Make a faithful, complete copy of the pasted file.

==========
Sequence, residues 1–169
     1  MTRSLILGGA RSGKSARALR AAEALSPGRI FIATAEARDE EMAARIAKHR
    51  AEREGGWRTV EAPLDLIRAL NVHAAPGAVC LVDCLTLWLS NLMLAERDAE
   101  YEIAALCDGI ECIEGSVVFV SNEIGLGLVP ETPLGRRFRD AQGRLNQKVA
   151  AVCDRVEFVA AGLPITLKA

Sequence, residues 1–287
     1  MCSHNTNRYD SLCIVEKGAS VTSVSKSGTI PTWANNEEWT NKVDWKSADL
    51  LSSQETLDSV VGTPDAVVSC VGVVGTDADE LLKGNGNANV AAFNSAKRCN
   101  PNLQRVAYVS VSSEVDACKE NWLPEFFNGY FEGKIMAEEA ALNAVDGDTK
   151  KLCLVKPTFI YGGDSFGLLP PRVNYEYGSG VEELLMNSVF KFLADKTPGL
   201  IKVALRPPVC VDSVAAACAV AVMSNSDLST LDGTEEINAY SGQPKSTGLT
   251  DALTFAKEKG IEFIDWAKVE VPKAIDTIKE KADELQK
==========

Sequence, residues 1–169
     1  MTRSLILGGA RSGKSARALR AAEALSPGRI FIATAEARDE EMAARIAKHR
    51  AEREGGWRTV EAPLDLIRAL NVHAAPGAVC LVDCLTLWLS NLMLAERDAE
   101  YEIAALCDGI ECIEGSVVFV SNEIGLGLVP ETPLGRRFRD AQGRLNQKVA
   151  AVCDRVEFVA AGLPITLKA

Sequence, residues 1–287
     1  MCSHNTNRYD SLCIVEKGAS VTSVSKSGTI PTWANNEEWT NKVDWKSADL
    51  LSSQETLDSV VGTPDAVVSC VGVVGTDADE LLKGNGNANV AAFNSAKRCN
   101  PNLQRVAYVS VSSEVDACKE NWLPEFFNGY FEGKIMAEEA ALNAVDGDTK
   151  KLCLVKPTFI YGGDSFGLLP PRVNYEYGSG VEELLMNSVF KFLADKTPGL
   201  IKVALRPPVC VDSVAAACAV AVMSNSDLST LDGTEEINAY SGQPKSTGLT
   251  DALTFAKEKG IEFIDWAKVE VPKAIDTIKE KADELQK